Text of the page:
The Federal Open Market Committee can surprise again
The Street is very sanguine, and that is a red flag.
By Thomas H. Kee Jr.
One might have argued that the September meeting of the Federal Reserve's Federal Open Market Committee was one of the most surprising and important in quite a while.
Prior to the meeting the committee actually did lay out the requisites for tapering, but the Street just did not pay attention. Instead, Wall Street imposed a bias that the committee ignored, and therefore we should expect the committee to continue to ignore the bias of Wall Street.
If that is true, prudently, we must look at what prevented the committee from tapering last time.
Of course the front and center data point is the employment data, which not only was delayed as a result of the government shutdown, but it also came in lighter than the expectations of analysts on the Street. This is absolutely important data, but the committee never said that it needed to see strong data. It just wanted to see a stable trend, and that is why the trend was not a focal point at the September meeting. Terminology was definitely used suggesting that the committee wait for additional data to taper, but the trend of the employment data was absolutely not a rationale for not tapering.
In fact, my observations based on BLS-supplied data suggests that the trend in employment has been solid, trending higher even though it may be at a more moderate pace than some would like, and that is what the committee has wanted to see. The rationale for not tapering in September came from something else, and it is that we must respect going into this next meeting.
Specifically, the culprit was interest rates. The rate on the 10-year note had spiked going into the meeting, it was pressing 3%, and they had been one-sided up (bonds were declining) since early May. There was no pause, rates were surging going into the meeting, and the committee governors made it clear that they did not like the level of interest rates and could not justify tapering given where interest rates were and the trajectory of interest rates accordingly. Piggy-backing on the already higher rate environment was not supported by the governors.
However, since then the trajectory of interest rates has changed, and the 10-year note is closer to 2.4% than 3%, so there is a nice gap and ample wiggle room now, things that did not exist in the September meeting. This is a green light to raise rates, but now there is the government shutdown to contend with. The question is, will they think the shutdown will have had long-lasting impact.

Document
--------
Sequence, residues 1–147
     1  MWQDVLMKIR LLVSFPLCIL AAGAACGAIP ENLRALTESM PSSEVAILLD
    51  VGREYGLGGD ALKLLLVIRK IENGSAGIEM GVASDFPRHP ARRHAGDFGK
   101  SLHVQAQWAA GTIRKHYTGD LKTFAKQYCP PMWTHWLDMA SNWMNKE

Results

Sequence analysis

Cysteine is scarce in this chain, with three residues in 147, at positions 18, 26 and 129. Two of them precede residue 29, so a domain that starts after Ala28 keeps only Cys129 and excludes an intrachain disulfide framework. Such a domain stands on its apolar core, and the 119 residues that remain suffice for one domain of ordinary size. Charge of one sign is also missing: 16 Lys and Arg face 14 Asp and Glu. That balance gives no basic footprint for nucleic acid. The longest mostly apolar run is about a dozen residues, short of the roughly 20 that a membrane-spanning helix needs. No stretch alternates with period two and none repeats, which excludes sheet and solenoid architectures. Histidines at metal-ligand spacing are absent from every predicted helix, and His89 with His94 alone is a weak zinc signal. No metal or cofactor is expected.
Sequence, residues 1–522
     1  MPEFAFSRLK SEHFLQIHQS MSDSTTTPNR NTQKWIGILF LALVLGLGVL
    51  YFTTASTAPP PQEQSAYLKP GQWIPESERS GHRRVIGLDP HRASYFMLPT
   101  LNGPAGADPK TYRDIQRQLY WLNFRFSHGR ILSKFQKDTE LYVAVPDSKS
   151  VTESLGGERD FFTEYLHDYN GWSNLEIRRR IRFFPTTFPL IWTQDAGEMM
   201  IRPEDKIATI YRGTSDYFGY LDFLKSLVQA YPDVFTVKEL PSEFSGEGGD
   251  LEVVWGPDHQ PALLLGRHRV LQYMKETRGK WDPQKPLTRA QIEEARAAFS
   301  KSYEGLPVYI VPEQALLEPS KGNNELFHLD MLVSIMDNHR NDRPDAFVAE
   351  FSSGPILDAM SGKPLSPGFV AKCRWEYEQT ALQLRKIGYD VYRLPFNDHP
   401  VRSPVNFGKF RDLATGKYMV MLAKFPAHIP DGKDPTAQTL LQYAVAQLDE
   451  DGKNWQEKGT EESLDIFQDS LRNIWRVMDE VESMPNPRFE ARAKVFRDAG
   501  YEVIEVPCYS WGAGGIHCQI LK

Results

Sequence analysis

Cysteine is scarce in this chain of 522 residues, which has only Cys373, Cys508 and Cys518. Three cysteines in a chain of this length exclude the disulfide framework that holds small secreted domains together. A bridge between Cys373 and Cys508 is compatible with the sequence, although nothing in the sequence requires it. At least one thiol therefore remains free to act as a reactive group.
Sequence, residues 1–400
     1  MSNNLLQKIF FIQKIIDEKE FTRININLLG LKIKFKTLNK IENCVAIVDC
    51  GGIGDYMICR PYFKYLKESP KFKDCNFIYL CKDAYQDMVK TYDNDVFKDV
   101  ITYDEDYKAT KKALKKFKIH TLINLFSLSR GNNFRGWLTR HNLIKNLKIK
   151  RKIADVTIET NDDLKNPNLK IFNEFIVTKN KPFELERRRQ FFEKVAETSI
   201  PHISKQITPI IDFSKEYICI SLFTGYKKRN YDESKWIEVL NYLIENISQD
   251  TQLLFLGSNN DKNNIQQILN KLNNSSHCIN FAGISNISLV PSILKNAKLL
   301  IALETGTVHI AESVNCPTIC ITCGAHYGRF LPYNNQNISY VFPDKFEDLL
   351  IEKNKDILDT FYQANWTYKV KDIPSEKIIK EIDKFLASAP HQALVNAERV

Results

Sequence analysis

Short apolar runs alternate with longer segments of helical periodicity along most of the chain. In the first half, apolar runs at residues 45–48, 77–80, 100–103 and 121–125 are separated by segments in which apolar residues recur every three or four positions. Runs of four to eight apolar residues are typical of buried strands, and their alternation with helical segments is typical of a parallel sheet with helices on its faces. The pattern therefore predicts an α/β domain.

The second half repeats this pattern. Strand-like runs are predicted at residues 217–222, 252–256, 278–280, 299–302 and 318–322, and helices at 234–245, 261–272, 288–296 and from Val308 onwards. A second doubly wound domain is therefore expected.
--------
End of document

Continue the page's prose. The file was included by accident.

Clearly, investors do not believe so, and although some data may come in choppy, I doubt the committee thinks the shutdown will have long-lasting impact. If that is true, and they focus more on the recent trajectory of employment (steadily higher although at a moderate pace) and the level of interest rates, things that they have said before are important, we just could see a taper in a couple days.
I know this would surprise everyone, but almost everyone got it wrong last time too. They even suckered me into changing my tone right before the meeting, because I was calling for no tapering up until the final few days when I became convinced by the Street. Today I am again of the notion that the committee actually has enough to taper again, and this time rates are not bumping up against 3%.
The rationale for not tapering in September definitely was the level of interest rates, the committee minutes prove it, and I think the Street again is overlooking what the committee has said. They are transferring their all-clear bias on equities to favorable committee decisions and fueling the rally, but the Street was wrong last time, they can be wrong this time, and if the committee discounts the impact of the shutdown like the Street is doing they will be left with a positive trajectory in employment and lower interest rates than last time, two things they have focused on and talked about as leading catalysts to taper.
Our eyes are on the ProShares UltraShort Lehman 20+ year Treasury ETF (TBT), and we believe TBT may soon become a good buy, but it is not quite there yet.
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